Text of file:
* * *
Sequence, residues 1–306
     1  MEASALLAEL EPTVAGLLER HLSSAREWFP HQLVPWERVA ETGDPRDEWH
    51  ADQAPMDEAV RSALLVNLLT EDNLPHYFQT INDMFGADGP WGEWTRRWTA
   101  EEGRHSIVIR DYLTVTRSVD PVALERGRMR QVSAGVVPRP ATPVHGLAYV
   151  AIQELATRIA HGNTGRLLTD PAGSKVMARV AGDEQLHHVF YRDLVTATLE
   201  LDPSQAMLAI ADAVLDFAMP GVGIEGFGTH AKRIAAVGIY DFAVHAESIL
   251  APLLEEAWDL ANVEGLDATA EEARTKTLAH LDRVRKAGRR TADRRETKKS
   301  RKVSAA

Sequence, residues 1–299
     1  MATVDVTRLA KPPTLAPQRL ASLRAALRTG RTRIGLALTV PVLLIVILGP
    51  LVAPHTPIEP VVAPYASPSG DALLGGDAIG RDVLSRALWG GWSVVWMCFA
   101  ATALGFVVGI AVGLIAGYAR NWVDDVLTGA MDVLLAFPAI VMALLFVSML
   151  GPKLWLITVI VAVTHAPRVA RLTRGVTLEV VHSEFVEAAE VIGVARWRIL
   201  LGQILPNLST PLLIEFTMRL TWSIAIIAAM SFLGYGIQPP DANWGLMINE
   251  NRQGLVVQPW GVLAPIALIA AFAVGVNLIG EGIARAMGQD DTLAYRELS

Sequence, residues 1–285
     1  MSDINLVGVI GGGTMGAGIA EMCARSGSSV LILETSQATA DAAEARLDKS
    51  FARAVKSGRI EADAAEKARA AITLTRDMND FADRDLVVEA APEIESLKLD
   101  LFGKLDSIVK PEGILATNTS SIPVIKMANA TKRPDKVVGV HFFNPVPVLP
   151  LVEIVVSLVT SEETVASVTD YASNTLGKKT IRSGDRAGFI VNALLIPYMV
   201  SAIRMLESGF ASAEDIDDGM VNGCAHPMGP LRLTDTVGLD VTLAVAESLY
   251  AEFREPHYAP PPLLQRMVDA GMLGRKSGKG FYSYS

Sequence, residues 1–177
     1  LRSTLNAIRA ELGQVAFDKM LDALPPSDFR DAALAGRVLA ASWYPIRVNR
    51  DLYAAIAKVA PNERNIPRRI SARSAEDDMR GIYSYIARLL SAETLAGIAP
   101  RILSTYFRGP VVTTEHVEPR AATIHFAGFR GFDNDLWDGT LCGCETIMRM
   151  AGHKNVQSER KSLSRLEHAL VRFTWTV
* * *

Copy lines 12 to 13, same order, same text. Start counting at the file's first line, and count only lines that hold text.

   101  ATALGFVVGI AVGLIAGYAR NWVDDVLTGA MDVLLAFPAI VMALLFVSML
   151  GPKLWLITVI VAVTHAPRVA RLTRGVTLEV VHSEFVEAAE VIGVARWRIL